Punch, September 16, 1903




[“In some London schools the masters are obliged to be good boxers in order to cope with the more unruly of their scholars.”—Daily Paper.]

From the “Sporting Man” of the week after next.

The final bout for the vacant mastership at the Hoxton Road Board School was fought out yesterday under Queensberry rules at the Passive Resistance Auctioneers’ Club between Messrs. Bradley Headstone and Wackford Squeers. The former, who is a London man, was favourite, and 3 to 2 was freely offered on him from the outset. Squeers, who hails from Yorkshire, was handicapped by the loss of an eye, but looked very fit. Indeed, as regards condition, there was little to choose between the two men when they entered the ring. Both had trained to the last ounce, and a keen struggle was anticipated.

The referee having explained the conditions of the fight, and cautioned the men against unfair holding and roughing on the ropes, the contest commenced.

Round 1.—A quiet round. The men sparred for an opening. At the end of the first minute Headstone landed lightly a the face with his left, but was heavily countered on the body. Clinches were frequent, and in one of these Squeers struck up while the pair were still in holds, and was cautioned by the referee.

Round 2.—Both masters came up to the scratch fresh, and lively rallies ensued. In the last minute Squeers received a hook on the jaw, and went down for six seconds. On rising he cut out the work, rushing his man across the ring. Headstone put in some clean counters. This was Headstone’s round.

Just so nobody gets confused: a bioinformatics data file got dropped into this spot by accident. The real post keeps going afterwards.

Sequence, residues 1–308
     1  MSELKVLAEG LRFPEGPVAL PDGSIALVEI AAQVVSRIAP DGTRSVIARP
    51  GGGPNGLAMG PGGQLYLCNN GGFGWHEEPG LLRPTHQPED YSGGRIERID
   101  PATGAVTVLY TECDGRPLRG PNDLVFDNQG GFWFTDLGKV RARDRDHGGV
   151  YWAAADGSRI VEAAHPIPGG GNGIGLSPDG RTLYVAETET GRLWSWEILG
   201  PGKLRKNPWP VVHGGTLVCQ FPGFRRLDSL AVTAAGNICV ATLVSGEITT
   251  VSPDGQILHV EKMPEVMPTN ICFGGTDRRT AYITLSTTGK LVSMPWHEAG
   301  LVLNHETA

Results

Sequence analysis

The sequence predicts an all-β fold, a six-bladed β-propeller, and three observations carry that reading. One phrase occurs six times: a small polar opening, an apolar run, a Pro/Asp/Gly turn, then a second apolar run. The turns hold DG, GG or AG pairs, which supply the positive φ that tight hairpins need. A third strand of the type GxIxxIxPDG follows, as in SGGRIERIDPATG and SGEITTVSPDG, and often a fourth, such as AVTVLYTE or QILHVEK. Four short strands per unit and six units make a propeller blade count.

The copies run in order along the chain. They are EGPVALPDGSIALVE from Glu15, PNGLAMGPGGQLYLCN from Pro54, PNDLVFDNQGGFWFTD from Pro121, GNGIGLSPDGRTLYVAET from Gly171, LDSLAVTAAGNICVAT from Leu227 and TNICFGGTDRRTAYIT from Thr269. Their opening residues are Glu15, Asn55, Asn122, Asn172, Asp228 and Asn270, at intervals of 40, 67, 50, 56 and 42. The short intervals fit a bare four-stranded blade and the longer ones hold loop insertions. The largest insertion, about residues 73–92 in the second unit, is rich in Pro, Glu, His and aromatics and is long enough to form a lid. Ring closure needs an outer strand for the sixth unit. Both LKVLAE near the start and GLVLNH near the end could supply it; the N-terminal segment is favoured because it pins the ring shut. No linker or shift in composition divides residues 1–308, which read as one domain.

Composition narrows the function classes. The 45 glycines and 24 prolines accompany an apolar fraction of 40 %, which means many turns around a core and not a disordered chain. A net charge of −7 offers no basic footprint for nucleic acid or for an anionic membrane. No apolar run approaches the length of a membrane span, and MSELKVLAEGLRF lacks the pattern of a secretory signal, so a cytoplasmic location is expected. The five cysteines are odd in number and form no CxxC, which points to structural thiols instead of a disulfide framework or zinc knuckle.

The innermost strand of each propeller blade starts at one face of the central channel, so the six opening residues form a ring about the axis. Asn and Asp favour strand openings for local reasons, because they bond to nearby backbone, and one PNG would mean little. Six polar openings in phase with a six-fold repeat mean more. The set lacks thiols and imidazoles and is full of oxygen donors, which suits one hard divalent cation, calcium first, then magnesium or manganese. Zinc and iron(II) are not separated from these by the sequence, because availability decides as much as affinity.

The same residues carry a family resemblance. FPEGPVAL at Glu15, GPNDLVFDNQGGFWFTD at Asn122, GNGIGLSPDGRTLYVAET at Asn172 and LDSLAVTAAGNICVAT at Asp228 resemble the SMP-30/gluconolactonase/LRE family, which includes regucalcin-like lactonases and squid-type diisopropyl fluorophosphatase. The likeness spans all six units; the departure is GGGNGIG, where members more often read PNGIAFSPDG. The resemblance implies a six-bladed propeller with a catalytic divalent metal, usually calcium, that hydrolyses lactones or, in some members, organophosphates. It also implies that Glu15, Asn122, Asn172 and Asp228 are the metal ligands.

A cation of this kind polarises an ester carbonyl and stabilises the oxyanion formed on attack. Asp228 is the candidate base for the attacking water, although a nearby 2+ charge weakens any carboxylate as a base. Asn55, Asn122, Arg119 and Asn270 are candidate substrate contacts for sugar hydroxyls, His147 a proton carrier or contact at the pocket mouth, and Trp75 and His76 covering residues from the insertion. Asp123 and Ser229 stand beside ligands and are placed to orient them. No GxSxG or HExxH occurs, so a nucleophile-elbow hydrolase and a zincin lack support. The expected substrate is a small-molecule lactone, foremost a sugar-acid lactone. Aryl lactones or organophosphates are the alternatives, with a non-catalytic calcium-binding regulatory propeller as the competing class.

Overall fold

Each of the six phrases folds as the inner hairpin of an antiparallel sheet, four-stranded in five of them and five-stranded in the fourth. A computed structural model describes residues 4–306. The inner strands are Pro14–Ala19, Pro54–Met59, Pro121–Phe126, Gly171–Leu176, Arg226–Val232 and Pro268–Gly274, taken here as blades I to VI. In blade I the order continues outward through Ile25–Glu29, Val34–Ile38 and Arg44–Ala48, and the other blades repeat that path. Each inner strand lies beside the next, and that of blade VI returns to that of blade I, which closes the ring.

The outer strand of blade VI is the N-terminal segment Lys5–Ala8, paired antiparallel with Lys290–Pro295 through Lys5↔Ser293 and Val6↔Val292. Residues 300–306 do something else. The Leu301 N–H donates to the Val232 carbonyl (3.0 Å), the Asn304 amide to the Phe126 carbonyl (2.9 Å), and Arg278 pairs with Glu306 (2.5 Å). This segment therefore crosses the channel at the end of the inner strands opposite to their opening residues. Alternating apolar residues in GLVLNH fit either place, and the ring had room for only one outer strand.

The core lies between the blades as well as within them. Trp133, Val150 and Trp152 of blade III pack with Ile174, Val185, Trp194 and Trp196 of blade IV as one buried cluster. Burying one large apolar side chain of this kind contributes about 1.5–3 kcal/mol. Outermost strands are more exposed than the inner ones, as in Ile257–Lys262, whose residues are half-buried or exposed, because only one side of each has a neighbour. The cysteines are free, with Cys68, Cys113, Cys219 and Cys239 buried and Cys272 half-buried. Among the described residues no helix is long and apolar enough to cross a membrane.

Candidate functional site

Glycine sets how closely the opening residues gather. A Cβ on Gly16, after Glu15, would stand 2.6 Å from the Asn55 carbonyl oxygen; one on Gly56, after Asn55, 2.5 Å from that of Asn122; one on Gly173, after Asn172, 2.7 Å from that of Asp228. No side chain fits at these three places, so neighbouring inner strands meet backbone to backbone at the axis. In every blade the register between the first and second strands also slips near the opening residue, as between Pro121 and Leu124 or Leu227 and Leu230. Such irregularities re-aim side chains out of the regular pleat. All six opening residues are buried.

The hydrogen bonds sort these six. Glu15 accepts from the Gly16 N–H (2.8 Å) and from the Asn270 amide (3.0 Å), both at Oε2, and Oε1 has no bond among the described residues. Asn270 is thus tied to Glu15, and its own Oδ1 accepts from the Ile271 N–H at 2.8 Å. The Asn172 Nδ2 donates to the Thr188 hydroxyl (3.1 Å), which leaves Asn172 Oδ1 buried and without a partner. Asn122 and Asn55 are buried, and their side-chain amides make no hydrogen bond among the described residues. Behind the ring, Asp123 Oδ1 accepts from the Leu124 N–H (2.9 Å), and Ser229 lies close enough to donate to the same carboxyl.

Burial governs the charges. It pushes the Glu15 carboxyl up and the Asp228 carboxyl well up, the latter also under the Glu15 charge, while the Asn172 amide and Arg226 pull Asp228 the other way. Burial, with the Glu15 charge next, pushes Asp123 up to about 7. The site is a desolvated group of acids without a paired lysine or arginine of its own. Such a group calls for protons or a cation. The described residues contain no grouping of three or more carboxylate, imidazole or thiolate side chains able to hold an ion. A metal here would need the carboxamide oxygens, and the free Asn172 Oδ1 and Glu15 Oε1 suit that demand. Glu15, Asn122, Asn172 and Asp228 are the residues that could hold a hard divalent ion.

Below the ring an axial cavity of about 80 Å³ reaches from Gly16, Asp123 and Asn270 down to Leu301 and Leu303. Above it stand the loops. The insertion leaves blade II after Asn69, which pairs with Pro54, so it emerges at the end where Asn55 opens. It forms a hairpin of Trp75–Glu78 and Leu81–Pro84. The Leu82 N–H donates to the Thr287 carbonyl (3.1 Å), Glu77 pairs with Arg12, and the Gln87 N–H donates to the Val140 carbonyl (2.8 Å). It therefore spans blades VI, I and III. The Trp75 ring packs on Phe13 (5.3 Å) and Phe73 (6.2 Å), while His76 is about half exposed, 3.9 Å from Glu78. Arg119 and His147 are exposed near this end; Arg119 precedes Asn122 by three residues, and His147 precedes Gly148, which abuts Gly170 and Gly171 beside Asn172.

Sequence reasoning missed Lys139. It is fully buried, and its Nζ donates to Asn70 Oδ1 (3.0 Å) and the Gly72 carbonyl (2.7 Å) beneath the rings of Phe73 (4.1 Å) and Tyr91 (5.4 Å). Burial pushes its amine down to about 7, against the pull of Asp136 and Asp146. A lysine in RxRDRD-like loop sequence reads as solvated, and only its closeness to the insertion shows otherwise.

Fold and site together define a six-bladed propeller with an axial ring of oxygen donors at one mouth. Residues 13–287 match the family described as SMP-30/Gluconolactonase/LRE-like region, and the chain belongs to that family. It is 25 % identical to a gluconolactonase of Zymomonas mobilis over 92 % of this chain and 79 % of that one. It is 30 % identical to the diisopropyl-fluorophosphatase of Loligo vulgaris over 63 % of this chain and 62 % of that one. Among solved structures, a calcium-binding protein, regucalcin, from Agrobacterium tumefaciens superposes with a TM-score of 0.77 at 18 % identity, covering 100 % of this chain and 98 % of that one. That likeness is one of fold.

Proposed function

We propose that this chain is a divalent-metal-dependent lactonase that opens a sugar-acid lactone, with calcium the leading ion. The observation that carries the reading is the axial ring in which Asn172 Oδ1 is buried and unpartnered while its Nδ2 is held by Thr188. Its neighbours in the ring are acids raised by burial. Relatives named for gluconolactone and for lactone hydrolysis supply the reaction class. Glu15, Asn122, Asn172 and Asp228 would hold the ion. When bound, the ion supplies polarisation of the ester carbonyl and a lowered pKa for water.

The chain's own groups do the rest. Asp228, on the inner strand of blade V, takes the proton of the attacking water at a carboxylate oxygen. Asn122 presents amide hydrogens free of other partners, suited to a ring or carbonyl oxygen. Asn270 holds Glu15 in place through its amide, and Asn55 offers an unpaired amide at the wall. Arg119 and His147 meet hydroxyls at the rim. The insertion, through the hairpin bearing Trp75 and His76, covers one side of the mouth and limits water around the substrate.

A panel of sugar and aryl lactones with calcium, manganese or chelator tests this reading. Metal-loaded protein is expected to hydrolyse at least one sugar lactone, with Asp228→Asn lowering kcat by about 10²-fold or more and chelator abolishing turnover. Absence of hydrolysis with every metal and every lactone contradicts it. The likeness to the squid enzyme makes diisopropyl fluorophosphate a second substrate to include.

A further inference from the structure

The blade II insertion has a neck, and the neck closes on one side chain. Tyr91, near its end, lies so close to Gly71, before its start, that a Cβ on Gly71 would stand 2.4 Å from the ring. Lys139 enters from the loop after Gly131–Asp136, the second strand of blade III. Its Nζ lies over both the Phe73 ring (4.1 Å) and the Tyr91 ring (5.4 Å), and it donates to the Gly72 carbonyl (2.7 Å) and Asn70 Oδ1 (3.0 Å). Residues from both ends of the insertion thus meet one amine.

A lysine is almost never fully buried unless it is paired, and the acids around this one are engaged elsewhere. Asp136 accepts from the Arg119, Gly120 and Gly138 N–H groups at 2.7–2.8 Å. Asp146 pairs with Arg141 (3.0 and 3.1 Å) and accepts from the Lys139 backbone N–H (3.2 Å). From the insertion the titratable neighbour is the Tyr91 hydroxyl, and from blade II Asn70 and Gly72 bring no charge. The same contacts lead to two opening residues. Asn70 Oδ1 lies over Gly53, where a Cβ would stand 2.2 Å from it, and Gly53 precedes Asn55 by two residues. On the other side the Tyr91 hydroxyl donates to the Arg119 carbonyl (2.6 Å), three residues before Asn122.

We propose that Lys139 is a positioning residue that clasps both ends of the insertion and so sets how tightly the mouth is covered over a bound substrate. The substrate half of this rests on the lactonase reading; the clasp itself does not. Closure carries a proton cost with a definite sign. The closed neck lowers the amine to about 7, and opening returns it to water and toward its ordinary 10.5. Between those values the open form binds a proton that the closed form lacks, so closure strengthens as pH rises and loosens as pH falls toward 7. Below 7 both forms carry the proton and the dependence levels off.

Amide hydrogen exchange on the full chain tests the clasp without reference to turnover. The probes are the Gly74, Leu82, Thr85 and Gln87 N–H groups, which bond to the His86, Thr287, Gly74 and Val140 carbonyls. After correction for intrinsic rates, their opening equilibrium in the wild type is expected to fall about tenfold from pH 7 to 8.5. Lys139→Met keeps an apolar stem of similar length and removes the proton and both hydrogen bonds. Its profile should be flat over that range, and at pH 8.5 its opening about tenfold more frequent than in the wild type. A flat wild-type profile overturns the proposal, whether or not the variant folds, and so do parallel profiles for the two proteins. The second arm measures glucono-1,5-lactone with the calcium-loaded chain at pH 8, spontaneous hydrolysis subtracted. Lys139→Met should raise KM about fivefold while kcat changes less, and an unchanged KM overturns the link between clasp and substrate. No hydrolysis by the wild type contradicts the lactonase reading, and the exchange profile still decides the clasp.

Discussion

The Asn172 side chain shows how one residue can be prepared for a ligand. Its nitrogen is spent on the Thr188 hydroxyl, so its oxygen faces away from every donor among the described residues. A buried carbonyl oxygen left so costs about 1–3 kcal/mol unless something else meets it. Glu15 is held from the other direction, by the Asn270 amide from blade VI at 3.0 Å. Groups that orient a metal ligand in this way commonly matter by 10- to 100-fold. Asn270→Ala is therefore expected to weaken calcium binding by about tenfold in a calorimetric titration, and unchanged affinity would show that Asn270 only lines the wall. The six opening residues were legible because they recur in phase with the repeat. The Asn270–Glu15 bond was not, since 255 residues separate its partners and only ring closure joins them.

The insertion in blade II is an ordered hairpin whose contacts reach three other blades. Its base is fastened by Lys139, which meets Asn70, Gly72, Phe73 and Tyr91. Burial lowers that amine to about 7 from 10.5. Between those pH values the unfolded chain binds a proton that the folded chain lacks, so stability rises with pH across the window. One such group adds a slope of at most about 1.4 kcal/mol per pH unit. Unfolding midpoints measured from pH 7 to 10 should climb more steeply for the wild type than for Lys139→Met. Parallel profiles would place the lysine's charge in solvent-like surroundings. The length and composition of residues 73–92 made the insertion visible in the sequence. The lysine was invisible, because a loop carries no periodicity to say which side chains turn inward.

Round 3.—This proved to be the last round. Squeers resumed his rushing tactics, but Headstone showed himself to be the cleverer man, and half a minute from the end of the round brought his right across, putting his rival out. Squeers stayed down the full ten seconds, and the referee formally awarded the decision to Headstone, who left the ring as fresh as he had entered it. The new master will take over his duties at once. It is rumoured that Wag Jones, who was at the ringside, and whose pupil, Ike Saunders, is a scholar at the Hoxton Road Board School, is trying to arrange a match between his novice and the new master, and that the winner will fight Bill Bloker, better known as the Hoxton Pet, a member of Standard IV., and the champion of the school, for a purse of £20, provided by the National Sporting Club. Bloker, as our sporting readers do not need to be told, beat the headmaster last June on points in a keenly-contested encounter of fifteen rounds. Saunders’s record, though less sensational, is nevertheless a sufficient index of his form. His best-known fights have been with the masters of Standard II. and Standard V., the former of whom he knocked out in six minutes, losing to the latter, after having had all the best of the exchanges for eight rounds, on a foul. From what we have seen of Mr. Headstone’s prowess with the mittens, we may safely predict an interesting encounter.




Unsigned article as printed; credited to P. G. Wodehouse in the Index to Vol. 125 of Punch.


Bradley Headstone: From Our Mutual Friend by Charles Dickens; in that novel, he is a schoolmaster with a violent, passionate love for Lizzie Hexam.
Wackford Squeers: the cruel headmaster of Dotheboys Hall in Nicholas Nickleby, also by Dickens.